Welcome to the Silver Edition of Health Wonk Review, celebrating HWR's 25th bi-weekly installment. No need to wait for the 50th installment to celebrate; in the words of the immortal bard, "All that glitters is not gold."
To quote another poet:
All that is gold does not glitter,
Not all those who wander are lost;
The old that is strong does not wither,
Deep roots are not reached by the frost.
From the ashes a fire shall be woken,
A light from the shadows shall spring;
Renewed shall be blade that was broken,
The crownless again shall be king.
Those of you who are J.R.R. Tolkien fans will recognize these lines and appreciate them in their original context; others may wish to read into these lines some echoes of their own thoughts on the current national political scene. I'll leave my own thoughts unspoken; feel free to divine what they may be -- but please, no wagering.
On to the task at hand.
This past fortnight could have been dominated by posts concerning the President's health plan unveiled in the State of the Union address. Instead, I would say that the plan has served as a trigger for broader debate.
There were, of course, posts on the plan. I think Matthew Holt at The Health Care Blog wins the prize for most comments on a post regarding the Bush plan. Michael Cannon at Cato @ Liberty stakes out a position that the plan is not a tax hike for some high wage earners. At Managed Care Matters, Joe Paduda says that the plan will not help the often disenfranchised folks with pre-existing conditions.
Jane Hiebert-White at the Health Affairs Blog notes that health care reform has not lost its luster, and that the interest in health care reform has emboldened the early participants in Decision 2008 to touch this "third rail" and offers links to further discussions of some candidates' views (Clinton and Obama). A Healthy Blog highlights Edwards' plan and sees a Massachusetts influence.
While not one of our usual suspects, Mark Thoma, at Economist's View, brings together a couple of articles about the decoupling of health insurance from employment, including coverage of the winners of this week's strange bedfellows award, Wal-Mart and SEIU. There's some lively discussion in the comments.
Interest in how other countries manage their health care and health insurance systems seems to wax and wane over time; these days, interest seems to be on the rise. Living through the Massachusetts experience in wrestling with the question of what is an affordable health insurance plan (under the Massachusetts universal health care law) made me think that the intended beneficiaries might have to hock the family silver, if they had any, in order to afford the plans proposed by the HMO's. A Healthy Blog's post on the subject garnered a lot of comments about European models, their (lower) costs, and whether they were worth discussing. Here at HealthBlawg, I posted a link to the recent Commonwealth Fund report comparing the rate of growth in costs in the U.S. vs. certain European countries over the past 25 years (and offering prescriptions for slowing the rate of growth here). InsureBlog's Henry Stern reacts to talk of nationalized health care systems by arguing that the grass isn't always greener.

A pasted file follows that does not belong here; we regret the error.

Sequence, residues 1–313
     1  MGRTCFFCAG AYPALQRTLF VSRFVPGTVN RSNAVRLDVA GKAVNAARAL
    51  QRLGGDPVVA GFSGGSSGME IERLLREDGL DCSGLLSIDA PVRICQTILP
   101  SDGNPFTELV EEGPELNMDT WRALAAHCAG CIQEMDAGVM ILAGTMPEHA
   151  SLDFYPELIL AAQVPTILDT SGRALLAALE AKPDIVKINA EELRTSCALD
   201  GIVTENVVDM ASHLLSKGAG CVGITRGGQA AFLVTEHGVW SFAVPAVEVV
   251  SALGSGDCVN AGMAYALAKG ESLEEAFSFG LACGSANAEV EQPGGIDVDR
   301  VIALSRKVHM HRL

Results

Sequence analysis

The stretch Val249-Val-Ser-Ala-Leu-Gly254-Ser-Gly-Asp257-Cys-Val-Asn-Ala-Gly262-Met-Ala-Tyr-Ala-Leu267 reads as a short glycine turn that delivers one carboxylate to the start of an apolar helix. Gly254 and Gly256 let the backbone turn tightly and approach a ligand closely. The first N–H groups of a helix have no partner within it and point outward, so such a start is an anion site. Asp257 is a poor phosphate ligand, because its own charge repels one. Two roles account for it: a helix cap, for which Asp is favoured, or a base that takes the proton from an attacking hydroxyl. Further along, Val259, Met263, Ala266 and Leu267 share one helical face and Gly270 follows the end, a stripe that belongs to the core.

At The Antidote: Counterspin for Health Care and Health News, Emily DeVoto delves into the American College of Physicians' proposed health plan which, she observes, goes beyond coverage and into prevention and holistic care, in an interview with the College's government affairs VP.
The policy debate extends beyond the issue of coverage. However, without coverage -- and sometimes without the "right" coverage -- there is no access to timely and adequate health care services. Jason Shafrin, at Healthcare Economist, has a post up about two studies highlighting the gap between access to emergency services (which is near-universal, thanks to EMTALA) and access to follow-up care (good to dismal, depending on source of payment).
Many states are hard at work on various forms of universal health care plans. Meanwhile, the Lone Star State is forging ahead with a single-disease prevention effort. Beth Newell offers her Health Care Musings on HPV, Rationing and Health Ethics.
While I've seen a ton of commentary on the Texas initiative, Roy Poses at Health Care Renewal chews on the dearth of ink (and bytes) on the anechoic story of HRDI. (Great adjective, Roy.) In brief, HRDI was a for-profit corporation created, owned and operated by the CEOs of 30-odd prominent U.S. health care systems and hospitals. The main purpose of this organization seemed to be to sell memberships to select corporations which sell products and services to hospitals, in exchange for face-time with the hospital and health system CEOs. It was shut down by the Connecticut AG.
You're probably wondering: What about EHRs? Well, Micky Tripathi at the MA eHealth Collaborative Blog recently wrote about a malpractice insurance credit now available to Massachusetts docs with EHRs, noting that malpractice insurers would otherwise remain free riders, benefiting from the investments of others in EHR systems through improved care and reduced claims activity.
You also must be wondering: How will the U.S. Energy Policy Act of 2005 affect HIT? Hint: The Act shifts Daylight Savings Time from an April-November affair to a March-October one. Well, Shahid Shah, The Healthcare IT Guy, explains everything one might need to attend to in order to ensure that HIT systems are not bolloxed up by the Act's monkeying with our clocks. Shahid says it's not Y2K (well, neither was Y2K . . .), but forewarned is forearmed.
Despite the thrill of the national health care policy debate, some Americans were preoccupied with football this past week; Jon Coppelman at Workers' Comp Insider is no exception. He contemplates the sad case of former New England Patriots linebacker Ted Johnson and the lessons for sports medicine and workers' compensation return to work programs.
-- David Harlow